by Brittiney George
Every day, in multiple ways emotionally and physically, you are transitioning.
The morning alarm begins your sprint. While you were sleeping your phone was loading up with new offers, information, suggestions, and requests. Life’s runaway train came beckoning to you and you purchased your ticket. Your mind careens through your calendar at breakneck speed, twisting, turning, sidestepping, rushing, until the inevitable crash at the end of the day leaves the body feeling wrung out and exhausted.
It is afterall, your body and your nervous system that have been taking the hits of a pressurized life. When their warning signs go unheeded, your system eventually shuts down to conserve the energy and oxygen it needs to survive. It makes it hard to feel like you can really “show up” anywhere. Your head is still in the problems of the day even if your body is at home.
Herein lies the value of transitional ceremonies. Clear opening and closings in transitions let clarify expectations so your brain and body are not firing on all cylinders all day. The ceremony doesn’t have to big, loud, or long, just intentional. Here are some ideas:
Power of the Pause (Arrive before you Engage):
Pause when you get in your car, pull into work, in between clients, or before the next task. It can be as quick as a single breath. Give yourself the gift of time to land where you are, see your surroundings, and to let your body and brain get in the same conversation.
Scent Signaling (The Nose Knows):
The nose is a powerful ally to use in transition and one of the quickest ways to shifts states. You can clear the head with the scent of coffee beans, or find your favorite aromatherapy oil. Suggestion: Keep a few scents specific to the place you use them in. Ex. If you have a scent you use to transition into your home, don’t also use it when you get to work. It is best to keep that scent to only your home space so there is a clear message in your body when you smell it of “I am home” which allows your nervous system to organize differently.
Rinse and Release:
Wash off your day. A full shower or just rinsing from your elbows to your hands will work. Imagine the water is washing off any stuck stress or energy that you want to release and easily and effortlessly going down the drain.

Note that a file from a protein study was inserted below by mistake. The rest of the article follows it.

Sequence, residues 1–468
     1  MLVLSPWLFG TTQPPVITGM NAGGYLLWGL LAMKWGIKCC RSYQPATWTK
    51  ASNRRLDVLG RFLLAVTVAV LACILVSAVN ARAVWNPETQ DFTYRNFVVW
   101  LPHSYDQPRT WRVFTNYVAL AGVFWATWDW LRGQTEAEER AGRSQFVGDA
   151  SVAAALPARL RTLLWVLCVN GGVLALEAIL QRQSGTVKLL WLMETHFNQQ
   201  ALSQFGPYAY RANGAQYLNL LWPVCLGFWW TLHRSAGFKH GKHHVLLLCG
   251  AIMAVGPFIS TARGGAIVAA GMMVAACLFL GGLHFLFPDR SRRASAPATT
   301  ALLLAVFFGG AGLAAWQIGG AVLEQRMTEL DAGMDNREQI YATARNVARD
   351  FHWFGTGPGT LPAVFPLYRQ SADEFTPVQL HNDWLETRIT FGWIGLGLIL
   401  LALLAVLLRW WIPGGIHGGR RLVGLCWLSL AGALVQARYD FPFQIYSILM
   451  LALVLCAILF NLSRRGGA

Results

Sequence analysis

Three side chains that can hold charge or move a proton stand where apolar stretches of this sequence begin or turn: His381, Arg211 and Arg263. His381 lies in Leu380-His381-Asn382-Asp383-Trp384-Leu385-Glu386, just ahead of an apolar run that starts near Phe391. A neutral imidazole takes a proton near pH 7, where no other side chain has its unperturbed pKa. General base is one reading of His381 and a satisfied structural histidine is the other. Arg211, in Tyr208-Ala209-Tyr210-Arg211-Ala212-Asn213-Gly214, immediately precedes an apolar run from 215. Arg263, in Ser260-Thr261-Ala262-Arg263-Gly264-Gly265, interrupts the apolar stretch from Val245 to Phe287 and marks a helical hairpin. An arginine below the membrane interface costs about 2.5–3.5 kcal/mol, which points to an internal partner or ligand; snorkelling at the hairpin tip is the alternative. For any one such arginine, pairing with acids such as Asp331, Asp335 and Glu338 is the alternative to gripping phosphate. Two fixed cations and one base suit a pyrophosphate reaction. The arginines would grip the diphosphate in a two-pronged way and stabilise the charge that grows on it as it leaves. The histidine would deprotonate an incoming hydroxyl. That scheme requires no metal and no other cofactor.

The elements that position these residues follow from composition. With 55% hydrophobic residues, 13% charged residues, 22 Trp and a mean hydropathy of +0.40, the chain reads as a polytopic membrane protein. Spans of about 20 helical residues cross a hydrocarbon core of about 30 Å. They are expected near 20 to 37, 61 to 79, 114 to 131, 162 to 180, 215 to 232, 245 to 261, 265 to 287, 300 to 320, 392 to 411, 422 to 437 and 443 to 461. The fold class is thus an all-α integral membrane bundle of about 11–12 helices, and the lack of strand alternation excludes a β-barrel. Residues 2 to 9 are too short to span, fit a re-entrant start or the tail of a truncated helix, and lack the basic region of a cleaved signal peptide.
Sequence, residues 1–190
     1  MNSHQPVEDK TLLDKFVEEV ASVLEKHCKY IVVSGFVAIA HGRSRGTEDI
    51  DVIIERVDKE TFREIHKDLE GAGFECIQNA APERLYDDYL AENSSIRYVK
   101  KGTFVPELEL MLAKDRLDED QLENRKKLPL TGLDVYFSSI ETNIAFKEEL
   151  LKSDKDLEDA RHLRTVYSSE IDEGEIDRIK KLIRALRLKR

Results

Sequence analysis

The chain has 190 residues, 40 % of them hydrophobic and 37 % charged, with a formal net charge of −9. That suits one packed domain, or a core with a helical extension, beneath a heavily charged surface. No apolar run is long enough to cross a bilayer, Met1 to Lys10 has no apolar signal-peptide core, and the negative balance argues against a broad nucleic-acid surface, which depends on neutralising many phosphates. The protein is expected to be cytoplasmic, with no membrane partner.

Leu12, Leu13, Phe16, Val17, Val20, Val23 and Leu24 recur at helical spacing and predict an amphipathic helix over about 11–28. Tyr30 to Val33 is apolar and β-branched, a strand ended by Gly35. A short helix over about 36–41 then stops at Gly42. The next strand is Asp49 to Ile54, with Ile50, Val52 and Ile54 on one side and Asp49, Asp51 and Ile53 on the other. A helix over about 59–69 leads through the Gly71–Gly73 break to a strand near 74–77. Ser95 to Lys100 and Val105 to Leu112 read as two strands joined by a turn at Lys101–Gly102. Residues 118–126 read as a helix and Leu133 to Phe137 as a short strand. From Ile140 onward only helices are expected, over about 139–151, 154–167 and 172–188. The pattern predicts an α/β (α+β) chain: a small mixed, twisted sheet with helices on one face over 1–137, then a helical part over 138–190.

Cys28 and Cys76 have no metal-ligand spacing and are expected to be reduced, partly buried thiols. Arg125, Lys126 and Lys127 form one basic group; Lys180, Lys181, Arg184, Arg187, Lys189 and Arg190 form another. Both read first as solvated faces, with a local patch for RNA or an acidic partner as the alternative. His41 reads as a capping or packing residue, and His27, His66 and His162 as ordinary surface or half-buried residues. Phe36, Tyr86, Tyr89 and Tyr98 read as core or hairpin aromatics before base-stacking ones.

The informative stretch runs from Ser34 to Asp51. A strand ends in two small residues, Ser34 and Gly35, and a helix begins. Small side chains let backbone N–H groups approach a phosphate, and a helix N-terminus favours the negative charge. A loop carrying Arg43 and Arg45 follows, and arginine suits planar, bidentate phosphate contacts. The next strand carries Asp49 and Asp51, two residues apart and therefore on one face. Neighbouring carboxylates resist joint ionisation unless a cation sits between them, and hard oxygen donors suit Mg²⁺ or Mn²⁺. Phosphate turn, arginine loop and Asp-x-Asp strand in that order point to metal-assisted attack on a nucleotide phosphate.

Sing, Sigh, or Shake:
Research shows that humming and singing create ease in the nervous system thanks to our vagus nerve. Not a singer or a hummer, let yourself sigh or let your body move to the music. The body loves gentle rhythmic motion, so go ahead and shake it out!
Bless the Space:
A blessing or mantra can help you connect to the intention of the space your stepping in to. These can be a quote or poem that resonates for you, or a simple statement of a wish such as created when completing one of the statements below.
and together May we…
Opening and Closing Ceremonies:
There is a reason the Olympics spend so much time on the opening and closing ceremonies. We love ceremony, because how things begin and end matter to us as a culture. Create opening and closing ceremonies for your regular daily transitions. It may be a prayer, a blessing, writing out a quick gratitude list, listening to the same song, or writing in your journal.
If the intention is clear and the practice is consistent, over time your body gets the message quickly that ties to it and is therefore able to reregulate your nervous system and in a sense depressurize. You’re not meant to live in a pressure cooker, or to carry everyone and everything around with you in your body all day. Honor yourself by honoring your transitions. Your body and brain will thank you for it!
Brittiney George, BS, CST-PRO, ICI, CEIM, is a Movement Practitioner and Somatic Therapist specializing in Transformative Touch. She is also faculty member of The Somatic Therapy Center. Her areas of specialty include working with highly sensitive woman, and people that are feeling stuck or immobilized in their everyday lives. She co-leads a monthly workshop series called Connection, Expression and Movement and also teaches gentle, exploratory movement classes at The Resiliency Center. For a free 55 min. introductory Somatic Therapy sessio, contact Brittiney at 610-389-7866 or firstname.lastname@example.org.